by David Kitching, Director of Social & Political Research
In the aftermath of the Brexit referendum, AudienceNet put out a few short surveys in the UK, France and Germany to see where public opinion lies in those countries. Obviously, the UK is the country central to the upcoming negotiations, once Article 50 of the Lisbon Treaty has been triggered. However, as the two most powerful countries (and largest economies) remaining in the EU, it was a useful exercise to test the preferences of the public in France and Germany as to the positions they thought their governments should take during negotiations.
UK respondents were asked a very specific question about the position of Northern Ireland in the post-Brexit order. The statelet had been rather neglected in the debates running up to the referendum. In spite of fears that a move as drastic as Brexit could potentially damage the peace process and lead to a breach of the Good Friday Agreement, pro-Brexit campaigners encouraged Northern Irish voters to come with them, while not giving any verifiable assurances regarding the replacement of Common Agricultural Policy funding or the EU Peace Funds.
Even now, according to this UK-wide survey, only a quarter of voters countenance the idea that Brexit could have negative consequences for Northern Ireland, including on the Good Friday Agreement. Almost the same amount say they just don’t know. 45% operate under the assumption that it will have no effect whatsoever while there is a tiny minority who think it will benefit the region. Evidently, it was not really a consideration for most voters and it is perhaps not surprising that the potential damage is under appreciated.
As it will not just be up to the UK how the negotiations turn out, we asked French and German respondents for their perspectives on how the question of the relationship between the UK and Ireland in light of the border question. The question put to them went as follows:
“UK plans to leave the EU could mean the imposition of new border controls, including the border between Northern Ireland and the Republic of Ireland, which has been “invisible” since the peace agreement in 1998. Some fear a new border will damage the peace agreement and lead to a return of violence. What should your government too?”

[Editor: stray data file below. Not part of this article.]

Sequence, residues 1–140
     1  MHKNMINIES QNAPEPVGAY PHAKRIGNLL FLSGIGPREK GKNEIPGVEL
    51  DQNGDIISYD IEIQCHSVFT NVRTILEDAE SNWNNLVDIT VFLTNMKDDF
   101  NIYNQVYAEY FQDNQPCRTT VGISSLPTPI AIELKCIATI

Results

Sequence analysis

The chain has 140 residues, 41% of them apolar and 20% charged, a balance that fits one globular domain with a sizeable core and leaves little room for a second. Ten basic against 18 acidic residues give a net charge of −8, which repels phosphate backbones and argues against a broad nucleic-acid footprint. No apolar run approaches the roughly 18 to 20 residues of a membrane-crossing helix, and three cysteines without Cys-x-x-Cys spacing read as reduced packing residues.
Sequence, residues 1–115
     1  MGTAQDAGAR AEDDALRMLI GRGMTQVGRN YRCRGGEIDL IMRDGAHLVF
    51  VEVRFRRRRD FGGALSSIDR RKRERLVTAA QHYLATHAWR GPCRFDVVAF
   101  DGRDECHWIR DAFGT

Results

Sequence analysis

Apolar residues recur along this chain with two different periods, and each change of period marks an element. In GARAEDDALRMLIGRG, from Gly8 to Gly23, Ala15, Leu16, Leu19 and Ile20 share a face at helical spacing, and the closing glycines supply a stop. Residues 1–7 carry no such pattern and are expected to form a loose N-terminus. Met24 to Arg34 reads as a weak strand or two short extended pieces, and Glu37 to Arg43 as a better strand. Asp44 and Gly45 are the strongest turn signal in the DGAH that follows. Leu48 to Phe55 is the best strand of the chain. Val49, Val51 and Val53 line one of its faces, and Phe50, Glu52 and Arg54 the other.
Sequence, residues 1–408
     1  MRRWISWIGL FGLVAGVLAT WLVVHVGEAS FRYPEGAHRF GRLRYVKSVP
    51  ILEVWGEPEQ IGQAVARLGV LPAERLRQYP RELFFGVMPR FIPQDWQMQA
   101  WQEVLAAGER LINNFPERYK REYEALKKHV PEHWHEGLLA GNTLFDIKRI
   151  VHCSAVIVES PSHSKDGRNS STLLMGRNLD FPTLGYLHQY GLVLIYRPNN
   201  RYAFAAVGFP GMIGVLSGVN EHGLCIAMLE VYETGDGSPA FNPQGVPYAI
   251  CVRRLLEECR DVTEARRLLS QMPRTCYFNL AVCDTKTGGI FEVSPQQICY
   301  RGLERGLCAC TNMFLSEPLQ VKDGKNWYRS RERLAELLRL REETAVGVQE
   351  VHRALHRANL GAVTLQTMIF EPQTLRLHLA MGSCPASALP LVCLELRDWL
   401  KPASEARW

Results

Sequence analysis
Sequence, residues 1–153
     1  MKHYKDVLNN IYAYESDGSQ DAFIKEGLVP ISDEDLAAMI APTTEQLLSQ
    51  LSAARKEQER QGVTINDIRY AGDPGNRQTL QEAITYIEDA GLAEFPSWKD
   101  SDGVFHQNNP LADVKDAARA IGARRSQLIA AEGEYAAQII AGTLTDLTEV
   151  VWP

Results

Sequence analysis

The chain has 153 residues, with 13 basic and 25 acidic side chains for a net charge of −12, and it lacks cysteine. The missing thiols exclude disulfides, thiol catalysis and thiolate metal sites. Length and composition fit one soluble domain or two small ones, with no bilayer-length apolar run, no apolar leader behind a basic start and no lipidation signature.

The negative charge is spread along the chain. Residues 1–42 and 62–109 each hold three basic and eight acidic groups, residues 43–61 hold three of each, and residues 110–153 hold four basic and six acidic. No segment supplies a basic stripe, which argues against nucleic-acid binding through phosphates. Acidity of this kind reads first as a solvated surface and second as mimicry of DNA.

36% in both countries felt that there should be no exceptions, i.e. that Ireland’s negotiations should be from within the 27 remaining member states. This is in line with what Chancellor Merkel said to Taoiseach Enda Kenny. In spite of this, at a little over half, German respondents were more likely than their French counterparts to advocate for a special case to maintain the peace agreement. Still this represented a large portion of the French group at 45%.
When it came to the overall negotiated position that would determine the UK’s status vis-à-vis the EU, around a quarter in both countries wanted their governments to push for the toughest option, i.e. the World Trade Organisation rules. Germans favoured a more conciliatory stance, in the sense that they scored significantly higher than the French in supporting the “Norwegian model” (the easier of the two EEA options) or the UK’s own preferred terms so as to avoid disruption. A quarter of French respondents still did not know the position they would prefer their government to take.
In all three countries, it is clear that there are numerous unknowns to address with regard to Brexit. With government positions and preferences yet to be stated there is huge scope for volatility in the opinions and perceptions of the public in each country too.